Conclusions:

Our findings suggest that most online health resources regarding OSA are not reliable and are inaccurate. Health care providers should be aware of the high variability in online information concerning OSA.

Commentary:

A commentary on this article appears in this issue on page 1643.

Citation:

Lee J, Ban WH, Park HK, Na E, Kim SK, Kang HH, Lee SH. Accuracy and reliability of internet resources providing information on obstructive sleep apnea. J Clin Sleep Med. 2018;14(10):1717–1723.


BRIEF SUMMARY

Current Knowledge/Study Rationale: Patients generally use the internet as a resource for health information. However, no study has evaluated the content and quality of online information on obstructive sleep apnea (OSA).

Study Impact: The results of this study demonstrate that websites related to OSA are often incomplete and inaccurate, and the low quality of online information about this condition is a significant barrier to patient education. This study highlights the need to ensure the accuracy and quality of online health information concerning OSA.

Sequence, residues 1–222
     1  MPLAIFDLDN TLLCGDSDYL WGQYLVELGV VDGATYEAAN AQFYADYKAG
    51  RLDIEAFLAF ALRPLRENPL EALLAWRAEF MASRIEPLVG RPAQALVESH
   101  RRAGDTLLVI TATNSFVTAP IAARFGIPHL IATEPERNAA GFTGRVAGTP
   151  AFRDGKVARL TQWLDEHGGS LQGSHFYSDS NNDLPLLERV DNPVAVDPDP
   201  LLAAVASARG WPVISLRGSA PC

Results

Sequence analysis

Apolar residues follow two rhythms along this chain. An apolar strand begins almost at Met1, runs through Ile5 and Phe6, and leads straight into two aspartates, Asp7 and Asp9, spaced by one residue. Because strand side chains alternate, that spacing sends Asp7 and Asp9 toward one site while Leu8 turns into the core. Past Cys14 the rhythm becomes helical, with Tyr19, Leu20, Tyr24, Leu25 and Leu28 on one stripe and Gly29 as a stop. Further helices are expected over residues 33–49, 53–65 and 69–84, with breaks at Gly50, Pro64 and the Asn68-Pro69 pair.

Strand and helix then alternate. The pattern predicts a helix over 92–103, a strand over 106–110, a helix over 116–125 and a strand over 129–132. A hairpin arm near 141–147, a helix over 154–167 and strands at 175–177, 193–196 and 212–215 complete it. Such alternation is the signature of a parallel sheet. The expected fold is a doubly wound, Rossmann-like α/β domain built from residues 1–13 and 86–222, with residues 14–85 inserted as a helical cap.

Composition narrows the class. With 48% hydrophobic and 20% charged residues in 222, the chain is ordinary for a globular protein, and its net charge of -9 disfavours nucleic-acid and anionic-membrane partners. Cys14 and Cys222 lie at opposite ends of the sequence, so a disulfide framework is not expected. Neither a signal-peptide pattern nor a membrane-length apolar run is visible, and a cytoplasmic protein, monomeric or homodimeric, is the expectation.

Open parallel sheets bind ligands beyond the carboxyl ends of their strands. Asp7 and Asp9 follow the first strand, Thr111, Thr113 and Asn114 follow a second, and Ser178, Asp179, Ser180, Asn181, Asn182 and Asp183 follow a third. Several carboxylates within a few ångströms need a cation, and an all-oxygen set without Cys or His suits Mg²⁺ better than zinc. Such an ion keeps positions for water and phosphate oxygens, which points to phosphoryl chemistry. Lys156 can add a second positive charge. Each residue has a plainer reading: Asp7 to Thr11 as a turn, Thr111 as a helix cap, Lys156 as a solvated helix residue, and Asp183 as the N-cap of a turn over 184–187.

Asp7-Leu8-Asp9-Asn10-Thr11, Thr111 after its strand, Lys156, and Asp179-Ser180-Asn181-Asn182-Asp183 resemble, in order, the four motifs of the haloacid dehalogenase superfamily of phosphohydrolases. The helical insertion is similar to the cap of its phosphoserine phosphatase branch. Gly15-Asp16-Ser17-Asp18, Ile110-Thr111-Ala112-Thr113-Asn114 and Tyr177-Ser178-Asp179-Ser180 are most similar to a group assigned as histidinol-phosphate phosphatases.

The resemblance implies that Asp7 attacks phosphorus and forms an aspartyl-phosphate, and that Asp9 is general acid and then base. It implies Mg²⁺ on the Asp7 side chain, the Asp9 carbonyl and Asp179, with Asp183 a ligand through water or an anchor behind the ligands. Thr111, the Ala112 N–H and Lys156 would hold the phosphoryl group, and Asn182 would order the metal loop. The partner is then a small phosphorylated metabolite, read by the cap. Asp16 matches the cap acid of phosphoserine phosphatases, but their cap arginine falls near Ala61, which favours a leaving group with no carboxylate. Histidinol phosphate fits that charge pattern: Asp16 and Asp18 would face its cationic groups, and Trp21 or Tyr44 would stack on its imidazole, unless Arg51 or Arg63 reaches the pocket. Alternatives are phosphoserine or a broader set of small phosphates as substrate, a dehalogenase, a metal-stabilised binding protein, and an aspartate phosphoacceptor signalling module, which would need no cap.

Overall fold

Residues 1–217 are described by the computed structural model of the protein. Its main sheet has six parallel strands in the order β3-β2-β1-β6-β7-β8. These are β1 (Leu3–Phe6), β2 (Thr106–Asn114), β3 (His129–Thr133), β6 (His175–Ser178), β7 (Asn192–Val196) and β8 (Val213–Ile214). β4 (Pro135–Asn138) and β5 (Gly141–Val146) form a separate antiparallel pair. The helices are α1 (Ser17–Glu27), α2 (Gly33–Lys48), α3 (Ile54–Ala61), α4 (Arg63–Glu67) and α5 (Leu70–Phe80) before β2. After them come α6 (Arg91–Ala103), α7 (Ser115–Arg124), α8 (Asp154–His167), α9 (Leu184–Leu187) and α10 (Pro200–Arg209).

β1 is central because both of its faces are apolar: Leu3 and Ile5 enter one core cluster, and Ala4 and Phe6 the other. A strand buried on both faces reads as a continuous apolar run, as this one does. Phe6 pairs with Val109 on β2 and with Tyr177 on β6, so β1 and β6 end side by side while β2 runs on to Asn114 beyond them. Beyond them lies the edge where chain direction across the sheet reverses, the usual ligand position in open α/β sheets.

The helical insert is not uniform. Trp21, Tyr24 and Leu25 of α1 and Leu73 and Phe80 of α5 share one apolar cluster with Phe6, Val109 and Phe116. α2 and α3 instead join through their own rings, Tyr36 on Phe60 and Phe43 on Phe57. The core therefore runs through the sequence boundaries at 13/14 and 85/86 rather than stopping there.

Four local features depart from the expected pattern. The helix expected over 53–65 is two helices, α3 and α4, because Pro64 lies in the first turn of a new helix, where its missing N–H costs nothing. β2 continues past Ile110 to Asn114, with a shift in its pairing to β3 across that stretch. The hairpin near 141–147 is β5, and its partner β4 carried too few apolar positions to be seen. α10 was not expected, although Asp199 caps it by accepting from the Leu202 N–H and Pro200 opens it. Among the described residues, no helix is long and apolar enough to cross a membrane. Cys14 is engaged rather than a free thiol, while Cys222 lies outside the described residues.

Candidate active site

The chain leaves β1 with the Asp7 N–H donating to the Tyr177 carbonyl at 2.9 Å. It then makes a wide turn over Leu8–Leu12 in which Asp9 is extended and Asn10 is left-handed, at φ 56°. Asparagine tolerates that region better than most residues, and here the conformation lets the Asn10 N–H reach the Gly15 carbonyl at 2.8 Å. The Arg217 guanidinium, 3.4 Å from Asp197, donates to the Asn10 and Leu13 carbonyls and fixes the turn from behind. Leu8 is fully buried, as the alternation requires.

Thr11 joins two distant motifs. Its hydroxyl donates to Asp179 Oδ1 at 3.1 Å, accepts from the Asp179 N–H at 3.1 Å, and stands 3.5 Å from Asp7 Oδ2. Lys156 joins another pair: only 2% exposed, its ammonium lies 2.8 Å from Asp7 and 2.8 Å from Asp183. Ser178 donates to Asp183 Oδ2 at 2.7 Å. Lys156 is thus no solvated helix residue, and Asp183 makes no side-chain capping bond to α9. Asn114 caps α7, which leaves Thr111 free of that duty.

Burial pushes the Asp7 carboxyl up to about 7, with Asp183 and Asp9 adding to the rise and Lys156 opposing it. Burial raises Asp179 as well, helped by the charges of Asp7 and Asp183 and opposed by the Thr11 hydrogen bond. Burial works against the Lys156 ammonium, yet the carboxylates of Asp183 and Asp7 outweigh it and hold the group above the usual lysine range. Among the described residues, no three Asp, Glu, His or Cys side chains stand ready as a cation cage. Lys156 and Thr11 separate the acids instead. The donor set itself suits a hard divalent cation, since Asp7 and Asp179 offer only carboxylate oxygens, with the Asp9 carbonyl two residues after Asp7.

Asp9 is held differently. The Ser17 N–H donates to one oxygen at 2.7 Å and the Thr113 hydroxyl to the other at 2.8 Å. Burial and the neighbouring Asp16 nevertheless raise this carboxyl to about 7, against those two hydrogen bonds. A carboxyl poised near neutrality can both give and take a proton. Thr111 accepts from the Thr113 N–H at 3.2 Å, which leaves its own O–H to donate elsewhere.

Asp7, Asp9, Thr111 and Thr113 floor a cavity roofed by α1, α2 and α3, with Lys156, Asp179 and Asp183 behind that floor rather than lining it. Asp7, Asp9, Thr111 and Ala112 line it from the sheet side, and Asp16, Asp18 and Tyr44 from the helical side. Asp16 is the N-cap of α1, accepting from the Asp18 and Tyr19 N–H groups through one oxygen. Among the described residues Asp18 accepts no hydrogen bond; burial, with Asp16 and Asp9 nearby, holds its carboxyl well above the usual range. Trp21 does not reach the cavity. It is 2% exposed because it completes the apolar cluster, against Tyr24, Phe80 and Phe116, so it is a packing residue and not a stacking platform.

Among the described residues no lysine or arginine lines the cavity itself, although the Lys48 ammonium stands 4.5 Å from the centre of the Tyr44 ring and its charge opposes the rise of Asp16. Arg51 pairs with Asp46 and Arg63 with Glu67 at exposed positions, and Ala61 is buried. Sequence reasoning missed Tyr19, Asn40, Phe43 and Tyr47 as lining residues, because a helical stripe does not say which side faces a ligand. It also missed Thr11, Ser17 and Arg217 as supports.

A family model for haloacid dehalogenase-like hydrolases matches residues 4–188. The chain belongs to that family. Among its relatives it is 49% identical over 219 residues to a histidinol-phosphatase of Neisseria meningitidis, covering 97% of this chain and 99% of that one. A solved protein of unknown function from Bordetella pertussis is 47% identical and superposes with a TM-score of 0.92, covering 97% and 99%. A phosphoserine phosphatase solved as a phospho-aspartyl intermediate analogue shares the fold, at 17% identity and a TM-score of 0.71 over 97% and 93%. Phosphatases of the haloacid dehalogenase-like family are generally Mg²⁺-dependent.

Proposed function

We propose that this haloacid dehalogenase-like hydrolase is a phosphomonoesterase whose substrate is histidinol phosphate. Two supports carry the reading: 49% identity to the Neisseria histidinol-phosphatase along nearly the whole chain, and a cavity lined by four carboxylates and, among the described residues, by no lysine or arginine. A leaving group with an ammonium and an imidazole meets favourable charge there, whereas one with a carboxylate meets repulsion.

INTRODUCTION

The internet has become a common source for health-related information and medical queries.1 In 2014, 84% of the United States population used the internet, with 72% of that population searching for health information.2 In total, 35% adults in the United States attempt to obtain a diagnosis of a medical condition for themselves or others by seeking health information on the internet.2 The internet is an attractive resource for patients because it provides information on almost all health-related topics immediately. However, there are concerns about the accuracy and reliability of online health information, and there is a possibility that the patients may be misinformed.3,4